• Learn how to use and control light. This doesn’t always mean you have to use strobes, it means you learn to see light, how it is going to affect the image, how to control it, so the resulting photo comes out to look as you visualized it in your mind. So many photographers say, I shoot natural light, which translates into they have no clue about lighting and they just shoot and hope the photos come out. Don’t get me wrong, there are also people who shoot with natural light but know how to pose the model to take advantage of it. They know how to use reflectors and strobes when needed.

• Be relaxed around the models. Don’t worry about them thinking you are hitting on them, they are intelligent people and can tell that you love creating art! Oh, and if you are hitting on them? STOP! It isn’t a dating site.

• Constantly look for the small details in the image, it is easy to get caught up in the excitement of creating beautiful images and you have to take a moment to look at the small things, oh her eyes are dark when I wanted them light, there is a shadow on her face, I cut off a shoe, there is a piece of garbage on the floor.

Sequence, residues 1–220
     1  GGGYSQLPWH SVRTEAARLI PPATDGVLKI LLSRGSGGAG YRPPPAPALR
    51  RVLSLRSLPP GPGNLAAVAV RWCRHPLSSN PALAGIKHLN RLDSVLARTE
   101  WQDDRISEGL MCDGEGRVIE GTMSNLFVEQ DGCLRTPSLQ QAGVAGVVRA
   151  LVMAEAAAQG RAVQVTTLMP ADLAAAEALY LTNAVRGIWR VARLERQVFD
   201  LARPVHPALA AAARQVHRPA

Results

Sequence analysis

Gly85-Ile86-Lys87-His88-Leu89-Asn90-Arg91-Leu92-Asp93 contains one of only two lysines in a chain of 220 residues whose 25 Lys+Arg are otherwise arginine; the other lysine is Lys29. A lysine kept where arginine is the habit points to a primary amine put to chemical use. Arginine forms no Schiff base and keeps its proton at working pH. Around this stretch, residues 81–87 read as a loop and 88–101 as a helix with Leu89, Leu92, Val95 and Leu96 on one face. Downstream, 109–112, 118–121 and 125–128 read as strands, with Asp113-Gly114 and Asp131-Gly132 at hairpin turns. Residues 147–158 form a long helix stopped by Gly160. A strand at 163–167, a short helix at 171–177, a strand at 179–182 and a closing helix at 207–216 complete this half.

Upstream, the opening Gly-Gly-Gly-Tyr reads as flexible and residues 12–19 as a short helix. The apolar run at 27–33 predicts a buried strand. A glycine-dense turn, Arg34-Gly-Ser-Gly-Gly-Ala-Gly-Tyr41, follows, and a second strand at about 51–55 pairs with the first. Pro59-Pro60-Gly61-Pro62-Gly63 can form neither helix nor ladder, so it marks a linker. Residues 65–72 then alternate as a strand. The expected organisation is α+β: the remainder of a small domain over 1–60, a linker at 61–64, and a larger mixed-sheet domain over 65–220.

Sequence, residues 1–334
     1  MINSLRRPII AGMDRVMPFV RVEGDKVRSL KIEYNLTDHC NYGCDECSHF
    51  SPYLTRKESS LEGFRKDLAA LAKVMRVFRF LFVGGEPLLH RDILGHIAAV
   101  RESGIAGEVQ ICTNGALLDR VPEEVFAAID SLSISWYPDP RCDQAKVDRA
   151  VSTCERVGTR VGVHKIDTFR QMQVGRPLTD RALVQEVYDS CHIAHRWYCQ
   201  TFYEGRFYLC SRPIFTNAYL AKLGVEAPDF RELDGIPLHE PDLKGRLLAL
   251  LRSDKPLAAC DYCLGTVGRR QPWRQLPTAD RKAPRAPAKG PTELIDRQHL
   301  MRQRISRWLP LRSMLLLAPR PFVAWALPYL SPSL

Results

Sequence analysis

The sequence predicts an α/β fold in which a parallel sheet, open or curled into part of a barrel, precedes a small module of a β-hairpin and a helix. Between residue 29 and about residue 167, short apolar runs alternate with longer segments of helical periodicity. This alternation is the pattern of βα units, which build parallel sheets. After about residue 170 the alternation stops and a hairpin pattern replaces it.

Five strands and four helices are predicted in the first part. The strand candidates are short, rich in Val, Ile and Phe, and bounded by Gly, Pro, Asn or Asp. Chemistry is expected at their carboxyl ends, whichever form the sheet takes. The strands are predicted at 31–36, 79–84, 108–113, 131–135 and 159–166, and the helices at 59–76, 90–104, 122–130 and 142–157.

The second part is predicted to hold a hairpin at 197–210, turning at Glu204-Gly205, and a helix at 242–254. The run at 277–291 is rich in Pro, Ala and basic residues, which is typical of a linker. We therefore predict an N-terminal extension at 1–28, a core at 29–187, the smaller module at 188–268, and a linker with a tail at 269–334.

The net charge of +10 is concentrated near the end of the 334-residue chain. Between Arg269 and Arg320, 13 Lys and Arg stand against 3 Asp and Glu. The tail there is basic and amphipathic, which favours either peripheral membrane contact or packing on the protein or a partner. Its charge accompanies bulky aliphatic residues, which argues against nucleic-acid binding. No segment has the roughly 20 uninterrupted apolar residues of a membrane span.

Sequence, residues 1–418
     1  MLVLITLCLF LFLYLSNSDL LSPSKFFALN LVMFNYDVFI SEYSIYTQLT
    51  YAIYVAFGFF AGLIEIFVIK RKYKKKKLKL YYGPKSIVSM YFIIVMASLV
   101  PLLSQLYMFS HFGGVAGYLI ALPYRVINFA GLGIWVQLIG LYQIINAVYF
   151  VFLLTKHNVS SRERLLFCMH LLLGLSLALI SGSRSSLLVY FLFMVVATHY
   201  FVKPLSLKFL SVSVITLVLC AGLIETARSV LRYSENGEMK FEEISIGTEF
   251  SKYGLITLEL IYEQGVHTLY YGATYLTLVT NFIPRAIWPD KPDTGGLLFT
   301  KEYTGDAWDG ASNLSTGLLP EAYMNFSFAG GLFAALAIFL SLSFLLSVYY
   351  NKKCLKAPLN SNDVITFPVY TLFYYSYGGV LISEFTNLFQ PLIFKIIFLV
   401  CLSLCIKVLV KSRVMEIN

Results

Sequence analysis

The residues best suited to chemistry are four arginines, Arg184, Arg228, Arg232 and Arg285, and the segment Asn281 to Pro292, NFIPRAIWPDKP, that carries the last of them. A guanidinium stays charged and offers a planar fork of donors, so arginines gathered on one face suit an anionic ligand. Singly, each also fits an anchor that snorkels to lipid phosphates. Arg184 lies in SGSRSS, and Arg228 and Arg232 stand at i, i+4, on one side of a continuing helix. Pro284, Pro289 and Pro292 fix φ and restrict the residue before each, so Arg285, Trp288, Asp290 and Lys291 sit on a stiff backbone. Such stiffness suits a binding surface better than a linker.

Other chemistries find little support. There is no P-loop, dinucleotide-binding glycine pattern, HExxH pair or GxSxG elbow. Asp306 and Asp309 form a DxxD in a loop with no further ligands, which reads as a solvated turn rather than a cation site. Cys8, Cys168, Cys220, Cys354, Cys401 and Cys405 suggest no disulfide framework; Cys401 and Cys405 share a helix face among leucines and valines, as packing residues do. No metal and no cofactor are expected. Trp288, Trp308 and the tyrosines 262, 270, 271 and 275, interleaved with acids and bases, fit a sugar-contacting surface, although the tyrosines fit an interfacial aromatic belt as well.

• Involve the model. Stop and show her the images you are creating together, the more excited she gets with the images, the better they will turn out. While it is ok to encourage her to push her boundaries, remember they are her boundaries and you should always respect her decisions. This is why I like to end the shoot by handing my camera to the model, let her review the images, and if she is uncomfortable with any image, just delete it.

• Listen to the model, they are usually intelligent people and come up with incredible ideas!

• In the end, remember it is only an image, so enjoy the process and if you don’t get a particular shot you wanted? Just smile.

7. What advice do you have for first time models?

• Be safe. Ask to bring a friend, if they say no, or if they are very controlling, like no Parents, or no males, that is a red flag.

• Don’t be afraid to ask for references from other models who have worked with the photographer.

• Don’t EVER feel forced into doing a shoot you are not comfortable with. It is your face, your body. You never want to do any shoot, no matter what a photographer, or anyone else, tells you, that makes you uncomfortable. This is supposed to be a fun thing!